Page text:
In God’s dealings, in temporal as well as spiritual things, blessings come to man through the use of means. If the husbandman neglects to till the ground, God works no miracle to make up for his neglect, and when the harvest time comes, he has no crops to gather. As in the natural world, so in the spiritual, God always honors the use of the means He has ordained to do His work. It is by practice that men must be qualified for any emergency that may arise. Men need to become better acquainted with themselves and be discerning in regard to their own weak points of character and then make every effort to strengthen these points, for God makes this their duty. 5LtMs, Lt 21a, 1888, par. 12

No one should lean wholly upon another’s mind, but as God’s free agents, each should ask wisdom of Him. When the learner depends in a large degree upon another man’s thoughts and goes no further than to accept his plans, he sees only through that man’s eyes and is so far only an echo of the other. God will, by His own Spirit, work directly through the mind He has put in man, if the man will only give Him a chance to work and will recognize His dealings with him. God designs that men shall use their minds and consciences for themselves. He never designed that one man should become the shadow of another and utter only another’s sentiments. But this error has been coming in among us, that a very few are to be mind, conscience, and judgment for all God’s workers. The foundation of Christianity is “Christ our Righteousness.” Men are individually responsible to God and must act as God acts upon them, not as another human mind acts upon their minds, for if this method of indirect influence is kept up, souls cannot be impressed and directed by the great I AM. They will, on the other hand, have their experience blended with another’s and will be kept under a moral restraint, which allows no freedom of action or of choice. 5LtMs, Lt 21a, 1888, par. 13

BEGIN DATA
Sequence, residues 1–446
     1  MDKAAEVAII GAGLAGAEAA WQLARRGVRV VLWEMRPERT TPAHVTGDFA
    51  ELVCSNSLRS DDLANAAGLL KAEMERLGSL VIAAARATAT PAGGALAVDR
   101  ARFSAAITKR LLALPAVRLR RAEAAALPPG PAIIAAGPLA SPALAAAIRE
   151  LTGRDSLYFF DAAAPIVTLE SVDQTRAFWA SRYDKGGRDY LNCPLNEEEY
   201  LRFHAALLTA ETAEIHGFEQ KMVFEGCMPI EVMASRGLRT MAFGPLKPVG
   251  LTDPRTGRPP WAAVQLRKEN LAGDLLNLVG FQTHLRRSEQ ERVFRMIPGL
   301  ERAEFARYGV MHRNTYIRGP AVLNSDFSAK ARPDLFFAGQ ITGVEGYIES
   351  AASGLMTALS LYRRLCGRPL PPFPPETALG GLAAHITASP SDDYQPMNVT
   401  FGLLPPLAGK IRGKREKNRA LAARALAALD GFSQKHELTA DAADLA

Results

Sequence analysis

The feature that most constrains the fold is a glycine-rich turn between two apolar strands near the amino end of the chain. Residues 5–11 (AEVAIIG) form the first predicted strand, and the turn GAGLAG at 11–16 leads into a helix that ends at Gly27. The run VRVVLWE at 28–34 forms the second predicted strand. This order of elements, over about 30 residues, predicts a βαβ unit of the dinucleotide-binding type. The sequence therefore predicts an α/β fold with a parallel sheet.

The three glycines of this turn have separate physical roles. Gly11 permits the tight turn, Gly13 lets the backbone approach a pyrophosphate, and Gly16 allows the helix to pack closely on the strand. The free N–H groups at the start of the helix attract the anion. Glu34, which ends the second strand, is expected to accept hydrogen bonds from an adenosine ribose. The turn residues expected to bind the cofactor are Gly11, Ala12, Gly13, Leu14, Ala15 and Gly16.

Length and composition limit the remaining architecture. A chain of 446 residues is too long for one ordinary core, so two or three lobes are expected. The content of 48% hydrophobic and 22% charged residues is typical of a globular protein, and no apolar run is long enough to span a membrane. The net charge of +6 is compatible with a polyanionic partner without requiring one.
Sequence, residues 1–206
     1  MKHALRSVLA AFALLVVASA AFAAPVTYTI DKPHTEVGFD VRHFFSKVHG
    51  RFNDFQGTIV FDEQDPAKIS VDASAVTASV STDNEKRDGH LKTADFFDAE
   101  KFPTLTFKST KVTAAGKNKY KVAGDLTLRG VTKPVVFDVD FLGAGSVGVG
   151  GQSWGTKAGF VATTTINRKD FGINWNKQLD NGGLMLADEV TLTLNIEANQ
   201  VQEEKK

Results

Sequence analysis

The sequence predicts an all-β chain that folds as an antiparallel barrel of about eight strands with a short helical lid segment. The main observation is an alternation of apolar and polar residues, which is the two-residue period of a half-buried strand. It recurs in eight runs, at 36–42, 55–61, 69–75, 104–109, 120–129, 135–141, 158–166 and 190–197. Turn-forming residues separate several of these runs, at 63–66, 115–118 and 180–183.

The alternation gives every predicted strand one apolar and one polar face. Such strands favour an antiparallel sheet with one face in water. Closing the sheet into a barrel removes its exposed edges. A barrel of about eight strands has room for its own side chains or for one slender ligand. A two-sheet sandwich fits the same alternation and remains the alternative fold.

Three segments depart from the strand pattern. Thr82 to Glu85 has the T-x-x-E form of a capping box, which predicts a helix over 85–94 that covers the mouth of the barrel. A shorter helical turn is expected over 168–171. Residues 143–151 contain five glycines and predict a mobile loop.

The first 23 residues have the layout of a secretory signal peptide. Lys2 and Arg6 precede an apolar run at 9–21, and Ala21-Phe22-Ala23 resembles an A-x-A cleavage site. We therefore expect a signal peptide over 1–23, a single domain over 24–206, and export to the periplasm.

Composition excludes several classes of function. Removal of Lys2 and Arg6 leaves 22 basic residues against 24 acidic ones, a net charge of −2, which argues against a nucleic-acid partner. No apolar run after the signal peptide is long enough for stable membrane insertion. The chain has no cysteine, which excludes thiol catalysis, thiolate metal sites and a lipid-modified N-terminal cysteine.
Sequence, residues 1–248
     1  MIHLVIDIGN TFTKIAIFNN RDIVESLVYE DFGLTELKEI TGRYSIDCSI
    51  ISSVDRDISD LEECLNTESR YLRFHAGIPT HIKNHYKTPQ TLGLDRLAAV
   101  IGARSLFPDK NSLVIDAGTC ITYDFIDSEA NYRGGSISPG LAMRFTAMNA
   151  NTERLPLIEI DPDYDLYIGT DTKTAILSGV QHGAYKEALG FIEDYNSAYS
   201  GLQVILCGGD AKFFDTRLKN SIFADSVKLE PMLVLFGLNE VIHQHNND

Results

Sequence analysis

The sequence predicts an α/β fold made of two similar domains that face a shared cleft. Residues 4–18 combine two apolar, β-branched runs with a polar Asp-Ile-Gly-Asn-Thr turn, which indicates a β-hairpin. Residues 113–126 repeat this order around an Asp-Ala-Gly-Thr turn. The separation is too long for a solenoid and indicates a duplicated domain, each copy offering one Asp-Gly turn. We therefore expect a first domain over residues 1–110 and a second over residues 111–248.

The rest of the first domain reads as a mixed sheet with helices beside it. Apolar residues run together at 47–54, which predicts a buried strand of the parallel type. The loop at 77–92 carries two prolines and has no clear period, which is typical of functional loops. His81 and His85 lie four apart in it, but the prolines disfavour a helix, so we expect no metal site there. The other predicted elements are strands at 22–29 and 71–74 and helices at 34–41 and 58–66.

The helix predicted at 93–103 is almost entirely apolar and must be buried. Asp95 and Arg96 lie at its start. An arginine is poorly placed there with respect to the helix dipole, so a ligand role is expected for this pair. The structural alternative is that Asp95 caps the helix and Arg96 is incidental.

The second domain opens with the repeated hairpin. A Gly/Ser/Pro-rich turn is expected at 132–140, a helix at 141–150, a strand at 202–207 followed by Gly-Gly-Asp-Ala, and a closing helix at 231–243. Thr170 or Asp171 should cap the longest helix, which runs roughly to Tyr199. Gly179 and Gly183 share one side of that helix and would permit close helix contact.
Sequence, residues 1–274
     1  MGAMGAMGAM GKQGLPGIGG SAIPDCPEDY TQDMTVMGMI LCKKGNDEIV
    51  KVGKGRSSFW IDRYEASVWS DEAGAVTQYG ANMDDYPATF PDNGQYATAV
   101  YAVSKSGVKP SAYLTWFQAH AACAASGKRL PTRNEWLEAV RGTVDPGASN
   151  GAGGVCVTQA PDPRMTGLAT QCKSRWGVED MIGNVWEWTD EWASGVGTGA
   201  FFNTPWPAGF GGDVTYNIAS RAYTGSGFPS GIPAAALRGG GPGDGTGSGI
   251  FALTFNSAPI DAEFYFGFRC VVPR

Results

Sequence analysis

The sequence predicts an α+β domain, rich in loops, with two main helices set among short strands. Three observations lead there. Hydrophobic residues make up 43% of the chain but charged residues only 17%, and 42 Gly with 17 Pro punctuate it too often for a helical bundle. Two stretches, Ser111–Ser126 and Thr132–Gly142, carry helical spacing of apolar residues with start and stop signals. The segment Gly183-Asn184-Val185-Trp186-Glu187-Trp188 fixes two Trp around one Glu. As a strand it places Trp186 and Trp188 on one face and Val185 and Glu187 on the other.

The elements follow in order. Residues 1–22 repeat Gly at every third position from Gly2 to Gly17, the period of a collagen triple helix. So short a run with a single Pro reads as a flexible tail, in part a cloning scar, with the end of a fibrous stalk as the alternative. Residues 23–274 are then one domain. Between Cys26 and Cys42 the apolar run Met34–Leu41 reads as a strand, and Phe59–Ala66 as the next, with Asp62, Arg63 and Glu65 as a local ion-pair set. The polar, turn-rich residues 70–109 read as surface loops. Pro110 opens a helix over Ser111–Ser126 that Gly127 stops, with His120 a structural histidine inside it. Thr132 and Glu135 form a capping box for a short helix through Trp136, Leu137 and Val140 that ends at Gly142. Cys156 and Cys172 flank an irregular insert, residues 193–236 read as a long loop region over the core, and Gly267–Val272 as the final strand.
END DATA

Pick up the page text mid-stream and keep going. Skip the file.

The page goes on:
God deals with His creatures as with responsible beings. He has issued no command that the leaders of the Battle Creek church shall remain anchored until by some mighty miracle-working power the church is sent forward and upward to the harbor God has appointed. If we would be wise and use diligently, prayerfully, and thankfully the means whereby light and blessings are to come to His people, then no voice or power upon earth would have authority over us to say, “This shall not be.” 5LtMs, Lt 21a, 1888, par. 14

The Lord has presented before me that men in responsible positions are standing directly in the way of the workings of God upon His people because they think that the work must be done and the blessing must come in a certain way they have marked out, and they will not recognize that which comes in any other way. “We are laborers together with God.” [1 Corinthians 3:9.] Copy the ways of the Lord Jesus. He was a perfect character. 5LtMs, Lt 21a, 1888, par. 15

May the Lord place this matter before you as it is. God works, not as men plan or as men wish, but “in a mysterious way, His wonders to perform.” Why treat God’s ways as worthless because they do not coincide with our private ideas? God has appointed channels of light, but these are not necessarily through the minds of any particular man or set of men. When all shall take their appointed places in God’s work and not allow others to mold them at will, then one great advance will have been made toward letting the light shine upon the world. 5LtMs, Lt 21a, 1888, par. 16

The efforts made here to close every avenue to light and truth which is supposed to disagree with the opinions of some leading men are very unreasonable. Are these men infallible? Has God appointed them supreme judges of how light shall come to His people? I answer, No. 5LtMs, Lt 21a, 1888, par. 17

During the conference at Battle Creek, when the question of the law in Galatians was being examined, I was taken to a number of houses and heard the unchristian remarks and criticisms made by the delegates. Then these words were spoken, “They must have the truth as it is in Jesus, else it will not be a saving truth to them.” “Without me,” says Christ, “ye can do nothing.” [John 15:5.] When finite men shall cease to put themselves in the way, to hinder, then God will work in our midst as never before. 5LtMs, Lt 21a, 1888, par. 18